The problem with judging books from other cultures, according to a Man Booker juror

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Today a jury of five intellectuals will announce its pick for this year’s Man Booker prize, which awards the “finest in fiction” from the English-speaking world.

The prize has become more inclusive since it was founded in 1969. Two years ago the prize began honoring translators, not just authors, with its International prize money. Three years ago it expanded its criteria to include any book published in English anywhere in the world. But for all the efforts of publishers, editors, and prize committees to include new voices, there are still deep unconscious biases and preferences in the way we ultimately read and judge books.

In an interview with industry magazine Publishing Perspectives, 2017 Man Booker juror Colin Thubron points to these less obvious biases.

Says the travel writer:

Of course what you don’t know, because most of us have a certain kind of background, is whether we’ll be less open to the kind of pacing or priorities that, say, novels have from South Asia, which were some strong contenders. Or even American novelists, there’s some sort of difference there, culturally, which is quite difficult to put your finger on. And it’s that sort of thing–the subconscious thing–that we have to think about.

Thubron is vague in his comments–and has not responded to request to be interviewed—but what he’s saying resonates for anyone who picked up the heavy, polyphonic winning book from 2015, A Brief History of Seven Killings, by Marlon James. There are tropes, norms, pacing, and structures in the book and many, many others that American and British editors and readers may not have an affinity for. And these can influence whether, and how, books get marketed, not to mention the already subjective process of choosing the best fiction every year.

Padmini Mongia has been teaching Indian writing in English at Franklin & Marshall College in the US for more than 25 years. She says there are a few things American and British readers might find unfamiliar about contemporary Indian literature.

One trope is the plural narrative. She points to the commercially and critically successful Midnight’s Children, by Salman Rushdie. The book is a cacophony of voices, an entire country’s transformation told through a single person’s life. The story of  Saleem Sinai, as a result, is the story of 200 people, she says.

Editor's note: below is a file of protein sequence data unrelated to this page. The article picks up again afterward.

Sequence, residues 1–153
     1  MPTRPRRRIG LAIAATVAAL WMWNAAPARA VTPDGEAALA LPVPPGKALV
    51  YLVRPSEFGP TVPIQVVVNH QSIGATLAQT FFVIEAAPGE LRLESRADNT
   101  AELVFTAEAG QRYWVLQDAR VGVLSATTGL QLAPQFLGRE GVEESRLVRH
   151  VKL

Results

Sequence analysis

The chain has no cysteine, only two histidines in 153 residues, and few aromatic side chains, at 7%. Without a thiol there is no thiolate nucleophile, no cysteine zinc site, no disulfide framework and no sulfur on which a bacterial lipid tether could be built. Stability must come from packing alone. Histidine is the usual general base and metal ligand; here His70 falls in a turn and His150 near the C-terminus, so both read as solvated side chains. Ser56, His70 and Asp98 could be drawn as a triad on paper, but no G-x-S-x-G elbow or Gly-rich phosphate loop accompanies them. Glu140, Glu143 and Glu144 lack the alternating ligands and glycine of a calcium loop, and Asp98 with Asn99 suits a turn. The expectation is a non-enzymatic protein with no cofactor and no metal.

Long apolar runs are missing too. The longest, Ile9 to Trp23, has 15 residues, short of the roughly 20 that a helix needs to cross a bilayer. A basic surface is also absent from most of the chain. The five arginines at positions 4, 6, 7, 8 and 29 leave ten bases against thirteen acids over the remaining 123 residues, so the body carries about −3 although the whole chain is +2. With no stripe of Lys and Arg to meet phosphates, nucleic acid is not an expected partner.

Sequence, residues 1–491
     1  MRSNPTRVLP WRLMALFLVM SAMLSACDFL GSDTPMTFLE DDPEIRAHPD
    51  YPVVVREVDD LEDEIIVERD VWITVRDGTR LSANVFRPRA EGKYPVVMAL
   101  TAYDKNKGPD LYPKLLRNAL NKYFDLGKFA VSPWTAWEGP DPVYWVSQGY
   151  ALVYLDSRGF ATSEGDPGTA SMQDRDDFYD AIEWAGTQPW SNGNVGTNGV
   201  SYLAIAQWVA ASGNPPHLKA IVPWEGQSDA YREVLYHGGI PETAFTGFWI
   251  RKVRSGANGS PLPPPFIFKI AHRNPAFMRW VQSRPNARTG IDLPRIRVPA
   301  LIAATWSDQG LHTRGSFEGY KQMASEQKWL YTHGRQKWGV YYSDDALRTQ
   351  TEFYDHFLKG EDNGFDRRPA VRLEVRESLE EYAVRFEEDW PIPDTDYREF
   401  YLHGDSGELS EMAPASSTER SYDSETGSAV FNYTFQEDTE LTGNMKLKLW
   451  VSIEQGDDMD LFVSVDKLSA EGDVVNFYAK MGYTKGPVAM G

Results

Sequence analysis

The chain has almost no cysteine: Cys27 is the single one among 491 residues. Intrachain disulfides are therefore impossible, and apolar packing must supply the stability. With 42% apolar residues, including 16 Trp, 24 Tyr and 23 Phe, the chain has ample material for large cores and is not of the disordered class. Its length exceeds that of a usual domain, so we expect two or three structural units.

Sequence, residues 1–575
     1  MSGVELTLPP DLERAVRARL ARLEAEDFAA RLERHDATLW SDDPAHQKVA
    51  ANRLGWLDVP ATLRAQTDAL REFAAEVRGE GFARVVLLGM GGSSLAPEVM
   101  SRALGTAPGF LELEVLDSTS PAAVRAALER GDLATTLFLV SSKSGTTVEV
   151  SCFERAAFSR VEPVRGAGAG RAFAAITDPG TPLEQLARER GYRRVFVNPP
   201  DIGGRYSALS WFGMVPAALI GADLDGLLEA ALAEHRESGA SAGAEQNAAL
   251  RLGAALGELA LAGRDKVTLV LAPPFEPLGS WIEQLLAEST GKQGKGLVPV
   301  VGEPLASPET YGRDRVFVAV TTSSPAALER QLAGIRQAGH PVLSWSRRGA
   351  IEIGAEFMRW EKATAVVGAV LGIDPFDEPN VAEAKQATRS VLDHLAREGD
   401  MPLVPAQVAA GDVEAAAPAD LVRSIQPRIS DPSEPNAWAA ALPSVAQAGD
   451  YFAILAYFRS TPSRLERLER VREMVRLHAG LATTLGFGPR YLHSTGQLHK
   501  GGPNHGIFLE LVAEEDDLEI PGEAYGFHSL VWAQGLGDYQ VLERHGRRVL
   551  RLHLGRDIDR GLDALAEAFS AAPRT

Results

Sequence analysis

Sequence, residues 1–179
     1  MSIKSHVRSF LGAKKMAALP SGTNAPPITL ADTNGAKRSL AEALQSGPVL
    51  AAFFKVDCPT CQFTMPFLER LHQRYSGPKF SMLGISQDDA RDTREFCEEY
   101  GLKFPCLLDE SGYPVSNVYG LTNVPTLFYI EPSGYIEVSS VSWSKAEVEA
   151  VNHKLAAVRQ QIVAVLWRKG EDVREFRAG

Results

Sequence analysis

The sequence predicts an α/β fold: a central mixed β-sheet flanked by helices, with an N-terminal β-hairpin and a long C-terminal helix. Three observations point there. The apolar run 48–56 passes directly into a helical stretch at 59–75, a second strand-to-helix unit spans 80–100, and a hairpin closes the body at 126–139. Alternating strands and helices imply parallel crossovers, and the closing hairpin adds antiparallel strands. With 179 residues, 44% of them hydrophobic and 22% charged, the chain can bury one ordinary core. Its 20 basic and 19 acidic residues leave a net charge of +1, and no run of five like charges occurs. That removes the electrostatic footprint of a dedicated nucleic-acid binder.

“A novel in India, to explore something specific to that culture, almost inevitably involves myriad voices and contradictions and collision,” says Mongia. “The Saleem Sinai story begins with his grandfather,” she adds. “That’s not a common way of looking at identity in the West. Your grandfather may enter the picture, but your own narrative would not start with your grandfather.” “Indian reality is manifold,” she adds, while “Reality is much more linear [in the US.]”

Mongia says our preferences in language also inform how we read and judge fiction. “In [the US] there’s a real emphasis in precision, making that sentence of yours not have too many clauses, to read in a way that’s more immediately absorbable,” says Mongia. “The Indian mode would be to layer on; Indians would not find it uncomfortable to work through a sentence that went on at some length.”

This lack of precision applies to punctuation, too, which she says is used more emotively by Indian writers. “The basic rules that govern the use of semicolon for instance—even in a comma—I think in India would be used more acceptably for stylistic effect, as opposed to correctness of grammatic usage,” says Mongia.

Reading inclusively goes beyond ticking off boxes for an author’s ethnicity or gender. It’s beyond women reading Dune and men picking up Elena Ferrante. It means reaching for works that challenge us to read differently–to see works we might think of as “difficult” or “abstruse” or even “badly edited” or “badly translated” and consider that there’s something else at work in what we like.

In Thubron’s interview, he argues for a nebulous “merit”-based judgement that eschews authors’ identity. That approach only reinforces the complexity of what he’s describing: What we perceive as quality is not something created or consumed in a vacuum.